A bill that would repeal the limit on the annual growth of the state's general fund gained preliminary approval in the Senate early this morning after Republicans tried for more than 10 hours to delay its passage.
SB 228, which would repeal the so-called Arveschoug-Bird law of 1991, was approved on after Democratic leaders of the chamber invoked a Senate rule allowing termination of debate.
Current law limits the state's general fund to a six percent annual growth rate. Revenues in excess of that growth rate must be allocated to transportation and capital improvement projects.
However, when the state's revenue drops, the funding it allows for the general fund in that year becomes the new baseline for the next year's allowable growth. Thus the state experiences a "ratchet-down" effect in the general fund when economic conditions worsen.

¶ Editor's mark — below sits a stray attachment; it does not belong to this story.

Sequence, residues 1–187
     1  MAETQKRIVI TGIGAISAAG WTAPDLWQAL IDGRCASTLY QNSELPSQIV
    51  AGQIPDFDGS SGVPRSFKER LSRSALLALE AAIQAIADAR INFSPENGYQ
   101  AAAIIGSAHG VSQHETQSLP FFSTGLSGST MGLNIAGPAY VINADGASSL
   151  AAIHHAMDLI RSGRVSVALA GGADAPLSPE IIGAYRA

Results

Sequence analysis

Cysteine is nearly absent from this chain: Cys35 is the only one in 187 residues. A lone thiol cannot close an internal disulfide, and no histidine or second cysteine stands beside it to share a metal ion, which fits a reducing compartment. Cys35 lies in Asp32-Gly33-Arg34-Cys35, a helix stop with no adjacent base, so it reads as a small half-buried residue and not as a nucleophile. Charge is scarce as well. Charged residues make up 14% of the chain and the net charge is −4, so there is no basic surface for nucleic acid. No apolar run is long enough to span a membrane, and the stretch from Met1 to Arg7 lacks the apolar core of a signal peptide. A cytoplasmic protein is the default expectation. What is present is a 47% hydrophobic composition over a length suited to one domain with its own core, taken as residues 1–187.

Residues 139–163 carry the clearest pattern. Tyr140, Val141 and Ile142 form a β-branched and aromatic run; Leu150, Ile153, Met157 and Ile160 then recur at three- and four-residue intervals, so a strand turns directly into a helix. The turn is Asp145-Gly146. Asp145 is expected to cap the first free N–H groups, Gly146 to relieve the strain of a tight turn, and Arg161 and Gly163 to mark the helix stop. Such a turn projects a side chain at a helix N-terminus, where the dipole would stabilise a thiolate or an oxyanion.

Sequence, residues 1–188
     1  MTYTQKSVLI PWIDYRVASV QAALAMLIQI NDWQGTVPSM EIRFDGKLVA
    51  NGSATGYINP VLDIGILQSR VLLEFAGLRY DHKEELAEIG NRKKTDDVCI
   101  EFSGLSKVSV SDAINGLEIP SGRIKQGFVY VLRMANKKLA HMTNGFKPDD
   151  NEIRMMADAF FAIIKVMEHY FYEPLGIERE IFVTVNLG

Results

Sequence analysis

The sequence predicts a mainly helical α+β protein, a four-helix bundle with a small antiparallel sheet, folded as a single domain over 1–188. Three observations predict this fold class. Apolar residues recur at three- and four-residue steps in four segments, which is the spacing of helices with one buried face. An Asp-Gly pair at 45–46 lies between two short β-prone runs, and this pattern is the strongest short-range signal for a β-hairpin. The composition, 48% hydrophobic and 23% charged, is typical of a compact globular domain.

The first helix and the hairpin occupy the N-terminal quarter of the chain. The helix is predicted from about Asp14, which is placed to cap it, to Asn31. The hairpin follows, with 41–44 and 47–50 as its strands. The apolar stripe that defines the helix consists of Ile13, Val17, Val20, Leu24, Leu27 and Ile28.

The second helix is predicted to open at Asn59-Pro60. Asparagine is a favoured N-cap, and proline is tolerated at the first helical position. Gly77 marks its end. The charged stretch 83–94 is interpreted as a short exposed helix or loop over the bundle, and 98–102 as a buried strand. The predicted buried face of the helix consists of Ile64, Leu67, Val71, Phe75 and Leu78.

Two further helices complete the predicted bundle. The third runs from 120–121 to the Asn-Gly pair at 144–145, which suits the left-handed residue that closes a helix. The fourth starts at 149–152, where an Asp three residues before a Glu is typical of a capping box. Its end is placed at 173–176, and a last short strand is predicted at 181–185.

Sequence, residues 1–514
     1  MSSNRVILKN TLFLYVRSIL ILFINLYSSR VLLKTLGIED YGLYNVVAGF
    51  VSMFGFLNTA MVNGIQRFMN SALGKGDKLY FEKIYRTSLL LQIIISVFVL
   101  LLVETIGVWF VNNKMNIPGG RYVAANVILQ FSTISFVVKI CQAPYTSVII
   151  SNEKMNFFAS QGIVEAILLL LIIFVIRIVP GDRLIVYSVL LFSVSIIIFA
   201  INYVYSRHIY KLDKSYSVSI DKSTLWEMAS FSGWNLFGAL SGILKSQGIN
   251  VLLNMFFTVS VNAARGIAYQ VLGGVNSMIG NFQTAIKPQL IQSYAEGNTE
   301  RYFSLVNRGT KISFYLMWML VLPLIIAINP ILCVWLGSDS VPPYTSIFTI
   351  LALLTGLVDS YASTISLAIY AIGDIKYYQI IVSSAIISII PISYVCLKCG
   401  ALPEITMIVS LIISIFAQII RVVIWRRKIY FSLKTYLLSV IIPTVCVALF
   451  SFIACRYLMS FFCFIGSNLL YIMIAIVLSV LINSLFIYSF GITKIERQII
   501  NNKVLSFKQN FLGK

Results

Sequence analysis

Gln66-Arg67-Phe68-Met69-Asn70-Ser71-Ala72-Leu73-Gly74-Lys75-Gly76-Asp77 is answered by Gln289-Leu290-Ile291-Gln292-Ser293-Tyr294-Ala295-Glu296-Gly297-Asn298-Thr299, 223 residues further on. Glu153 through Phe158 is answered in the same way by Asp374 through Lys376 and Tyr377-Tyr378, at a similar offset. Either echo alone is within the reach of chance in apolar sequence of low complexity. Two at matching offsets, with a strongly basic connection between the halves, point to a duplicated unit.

Republicans dislike the bill because they believe it deprives the state of a designated "pot" for transportation funding and that the Arveschoug-Bird spending limit was constitutionalized when voters enacted the Taxpayers Bill of Rights (TABOR) in 1992.
But Democrats, relying on a recent opinion by retired state supreme court justice Jean Dubofsky, say Arveschoug-Bird merely forces an allocation of existing revenues and does not limit total state spending.
Republican opponents of SB 228 offered dozens of amendments during the debate, most of which were aimed at preserving funding for transportation projects in their districts.
Sen. Shawn Mitchell, R-Broomfield, was the GOP's point-man for arguments about the constitutional controversy, while veteran Colorado Springs Republican Keith King urged majority Democrats to send the measure to the voters as a referendum.
None of the Republican amendments were accepted by the chamber's ruling Democrats.
The bill must gain final approval in the Senate before moving on to the House. It is sponsored in the Senate by Democrat John P. Morse of Colorado Springs.
The existing state general fund annual growth limit is named for its legislative sponsors, former Rep. Steve Arveschoug, R-Pueblo, and former Sen. Mike Bird, R-Colorado Springs.